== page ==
How well a woman with breast cancer sleeps may predict her survival, according to a small new study.
The study, published in the journal SLEEP, measured sleep efficiency, a ratio of time spent sleeping and time spent in bed, with wrist monitors in 97 women with a diagnosis of advanced breast cancer. The women with the highest sleep efficiency scores survived an average of 68.9 months, while the inefficient sleepers survived just 33.2 months.
"We were surprised by the magnitude of the relationship between sleep quality and overall survival even after we accounted for medical and psychological variables that typically predict survival," lead author Oxana Palesh, Ph.D., assistant psychiatry and behavioral sciences professor at Stanford University and research director of the Stanford Cancer Survivorship said in a statement. "Good sleep seems to have a strongly protective effect, even with advanced breast cancer."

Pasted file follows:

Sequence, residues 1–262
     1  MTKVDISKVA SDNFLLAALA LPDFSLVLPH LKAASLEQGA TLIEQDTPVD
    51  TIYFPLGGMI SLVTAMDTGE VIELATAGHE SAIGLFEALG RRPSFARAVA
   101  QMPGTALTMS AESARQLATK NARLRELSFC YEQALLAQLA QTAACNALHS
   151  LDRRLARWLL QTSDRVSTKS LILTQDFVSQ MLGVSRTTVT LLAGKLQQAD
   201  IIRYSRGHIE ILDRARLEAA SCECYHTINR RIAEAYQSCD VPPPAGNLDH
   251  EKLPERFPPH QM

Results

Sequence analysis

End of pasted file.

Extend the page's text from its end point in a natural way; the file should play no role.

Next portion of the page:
Fewer and shorter episodes of waking up after getting into bed were also associated with longer survival. But why better sleep prolongs survival isn't totally understood, the authors write, although they suggest inefficient or disrupted sleep may impair immune system function. They advise further research examine whether treating these sleep problems could lengthen lifespans.
Consistent short sleepers are at a higher risk of dying of any cause than people who get sufficient sleep each night, according to a 2010 study. And a 2012 study found that regularly getting too little sleep may also increase a woman's risk of developing aggressive breast cancer.